We propose an explicit iterative scheme for finding a common element of the set of fixed points of infinitely many strict pseudocontractive mappings and the set of solutions of an equilibrium problem by the general iterative method, which solves the variational inequality. In the setting of real Hilbert spaces, strong convergence theorems are proved. The results presented in this paper improve and extend the corresponding results reported by some authors recently. Furthermore, two numerical examples are given to demonstrate the effectiveness of our iterative scheme.
Let
Let
Generally,
A mapping
A mapping
Obviously, the class of strict pseudocontractions strictly includes the class of nonexpansive mappings. We denote the set of fixed points of
Let
The equilibrium problem for
Many problems in applied sciences such as physics, optimization, and economics reduce into finding some element of
In 2006, Marino and Xu [
The mapping
In this paper, we combine the operator
In the sequel, we will make use of the following lemmas in a real Hilbert space
Let
Let
Let
Let
Since
Assume that
Let
Let
Let
For solving the equilibrium problem, let us assume that the bifunction
for each
We recall some lemmas which will be needed in the rest of this paper.
Let
For
Let
Let
Let
We adopt the following notations:
Recall that, given a nonempty closed convex subset
Throughout the rest of this paper, we always assume that
Define a mapping
For simplicity, we will write
Let
The proof is divided into several steps.
Taking any
Hence, we have
It follows from (
Hence we get
From conditions (i) and (iii) and Lemma
By Lemma
Observe that
On the other hand, we have
Since
By the same argument as in the proof of Theorem
Since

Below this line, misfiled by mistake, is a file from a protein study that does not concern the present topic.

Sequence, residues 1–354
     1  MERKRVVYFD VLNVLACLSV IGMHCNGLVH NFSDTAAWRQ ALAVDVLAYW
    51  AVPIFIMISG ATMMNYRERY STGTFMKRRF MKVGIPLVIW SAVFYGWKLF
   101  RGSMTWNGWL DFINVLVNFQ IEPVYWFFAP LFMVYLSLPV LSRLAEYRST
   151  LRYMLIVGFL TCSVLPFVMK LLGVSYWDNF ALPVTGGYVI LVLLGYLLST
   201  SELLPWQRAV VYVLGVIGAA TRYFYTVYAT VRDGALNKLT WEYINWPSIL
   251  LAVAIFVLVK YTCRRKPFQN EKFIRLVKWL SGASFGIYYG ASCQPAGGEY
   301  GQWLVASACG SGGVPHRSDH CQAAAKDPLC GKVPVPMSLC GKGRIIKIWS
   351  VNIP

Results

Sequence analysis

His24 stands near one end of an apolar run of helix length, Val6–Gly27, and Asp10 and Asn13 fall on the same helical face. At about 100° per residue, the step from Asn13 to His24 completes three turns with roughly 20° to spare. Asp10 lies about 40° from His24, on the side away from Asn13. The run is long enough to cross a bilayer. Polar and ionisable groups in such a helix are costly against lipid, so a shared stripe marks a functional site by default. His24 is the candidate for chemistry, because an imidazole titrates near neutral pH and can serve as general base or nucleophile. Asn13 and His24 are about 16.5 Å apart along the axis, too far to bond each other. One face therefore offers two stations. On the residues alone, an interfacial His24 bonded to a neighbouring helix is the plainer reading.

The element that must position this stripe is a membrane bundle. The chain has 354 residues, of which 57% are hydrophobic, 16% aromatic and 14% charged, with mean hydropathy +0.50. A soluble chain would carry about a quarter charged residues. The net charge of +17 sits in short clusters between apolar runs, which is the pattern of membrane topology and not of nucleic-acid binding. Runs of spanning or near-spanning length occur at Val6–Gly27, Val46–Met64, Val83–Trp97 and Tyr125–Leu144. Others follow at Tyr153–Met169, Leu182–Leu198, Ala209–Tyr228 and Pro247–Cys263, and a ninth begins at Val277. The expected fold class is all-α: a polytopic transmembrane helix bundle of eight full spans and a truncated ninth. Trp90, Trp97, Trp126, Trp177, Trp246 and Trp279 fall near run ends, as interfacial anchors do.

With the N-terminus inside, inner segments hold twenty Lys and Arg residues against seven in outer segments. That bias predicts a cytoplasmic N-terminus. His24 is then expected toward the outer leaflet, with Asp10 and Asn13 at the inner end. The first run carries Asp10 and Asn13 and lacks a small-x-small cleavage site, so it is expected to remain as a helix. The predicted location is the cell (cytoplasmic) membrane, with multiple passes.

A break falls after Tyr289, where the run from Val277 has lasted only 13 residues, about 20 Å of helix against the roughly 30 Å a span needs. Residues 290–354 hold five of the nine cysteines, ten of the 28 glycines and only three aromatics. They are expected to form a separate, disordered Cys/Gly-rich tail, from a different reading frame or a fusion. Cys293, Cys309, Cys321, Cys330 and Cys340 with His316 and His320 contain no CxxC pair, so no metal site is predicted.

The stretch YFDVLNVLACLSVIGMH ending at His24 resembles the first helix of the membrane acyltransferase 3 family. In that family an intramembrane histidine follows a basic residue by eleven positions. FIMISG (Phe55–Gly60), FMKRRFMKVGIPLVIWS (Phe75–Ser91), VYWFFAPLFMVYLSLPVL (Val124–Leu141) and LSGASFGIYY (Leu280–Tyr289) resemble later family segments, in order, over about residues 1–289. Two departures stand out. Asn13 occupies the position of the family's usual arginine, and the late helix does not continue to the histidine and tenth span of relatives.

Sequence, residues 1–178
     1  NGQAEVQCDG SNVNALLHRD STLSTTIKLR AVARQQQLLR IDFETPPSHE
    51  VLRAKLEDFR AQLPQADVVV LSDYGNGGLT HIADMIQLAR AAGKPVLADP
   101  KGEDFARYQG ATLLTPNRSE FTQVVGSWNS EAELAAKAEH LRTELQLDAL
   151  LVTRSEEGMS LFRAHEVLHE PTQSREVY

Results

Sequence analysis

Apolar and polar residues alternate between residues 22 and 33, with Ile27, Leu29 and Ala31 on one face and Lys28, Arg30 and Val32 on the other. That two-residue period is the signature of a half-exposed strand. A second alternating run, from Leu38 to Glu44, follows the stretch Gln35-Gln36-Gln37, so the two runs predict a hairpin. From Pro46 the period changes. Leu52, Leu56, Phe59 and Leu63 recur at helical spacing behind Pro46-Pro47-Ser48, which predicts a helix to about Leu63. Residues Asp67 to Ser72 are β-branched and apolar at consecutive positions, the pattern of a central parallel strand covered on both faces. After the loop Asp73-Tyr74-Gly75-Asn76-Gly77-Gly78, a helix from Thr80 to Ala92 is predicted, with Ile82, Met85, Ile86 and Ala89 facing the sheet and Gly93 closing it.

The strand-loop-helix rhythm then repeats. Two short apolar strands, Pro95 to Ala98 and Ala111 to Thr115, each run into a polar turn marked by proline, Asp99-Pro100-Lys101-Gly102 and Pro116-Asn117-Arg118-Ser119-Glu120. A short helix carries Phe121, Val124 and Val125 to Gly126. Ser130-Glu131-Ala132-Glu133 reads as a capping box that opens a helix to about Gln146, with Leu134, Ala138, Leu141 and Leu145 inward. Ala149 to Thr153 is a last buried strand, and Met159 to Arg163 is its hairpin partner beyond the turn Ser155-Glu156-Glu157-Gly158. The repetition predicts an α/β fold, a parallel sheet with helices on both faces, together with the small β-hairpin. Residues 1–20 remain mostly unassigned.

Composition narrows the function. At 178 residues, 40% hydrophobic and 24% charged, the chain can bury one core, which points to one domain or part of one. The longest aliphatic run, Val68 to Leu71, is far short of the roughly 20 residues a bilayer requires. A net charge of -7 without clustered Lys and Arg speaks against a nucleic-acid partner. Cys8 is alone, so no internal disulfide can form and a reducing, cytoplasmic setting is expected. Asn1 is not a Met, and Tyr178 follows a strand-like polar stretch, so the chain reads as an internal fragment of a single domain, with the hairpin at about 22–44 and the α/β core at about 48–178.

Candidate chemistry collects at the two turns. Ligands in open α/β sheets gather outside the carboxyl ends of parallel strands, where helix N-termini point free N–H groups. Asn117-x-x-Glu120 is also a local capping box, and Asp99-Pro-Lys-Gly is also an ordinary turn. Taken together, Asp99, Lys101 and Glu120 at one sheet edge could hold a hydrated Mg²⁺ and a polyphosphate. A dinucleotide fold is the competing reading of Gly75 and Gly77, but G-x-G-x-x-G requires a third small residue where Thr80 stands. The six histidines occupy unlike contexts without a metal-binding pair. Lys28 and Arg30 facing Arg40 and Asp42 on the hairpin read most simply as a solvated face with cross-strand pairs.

If we extend the equilibrium problem to be system of equilibrium problems, we still obtain the desired result by the similar proof of Theorem
In this section, we consider the following two simple examples to demonstrate the effectiveness, realization, and convergence of the algorithm in Theorem
First, we give an example as follows.
In Theorem
Let


Errors ( 

94  0.9969 

150  0.9981 

450  0.9994 

Let
Next, we consider another simple example.
In Theorem
For analysis of the rate of convergence, we use the concept introduced by Rhoades [
Let
Now we turn to numerical simulation using the algorithm (
(a)


Errors ( 

10  (0.8289, 0.5521) 

50  (0.8308, 0.5559) 

100  (0.8310, 0.5561) 



Errors ( 

10  (0.8271, 0.5521) 

50  (0.8308, 0.5558) 

100  (0.8309, 0.5561) 

(a)


Errors ( 

10  (0.8341, 0.5534) 

50  (0.8308, 0.5559) 

100  (0.8310, 0.5561) 



Errors ( 

10  (0.8359, 0.5531) 

50  (0.8308, 0.5558) 

100  (0.8309, 0.5561) 

It is easy to see that the approximation values obtained by the algorithm (
The author would like to thank the referee for valuable suggestions to improve the paper and the Fundamental Research Funds for the Central Universities (Grant ZXH2012K001).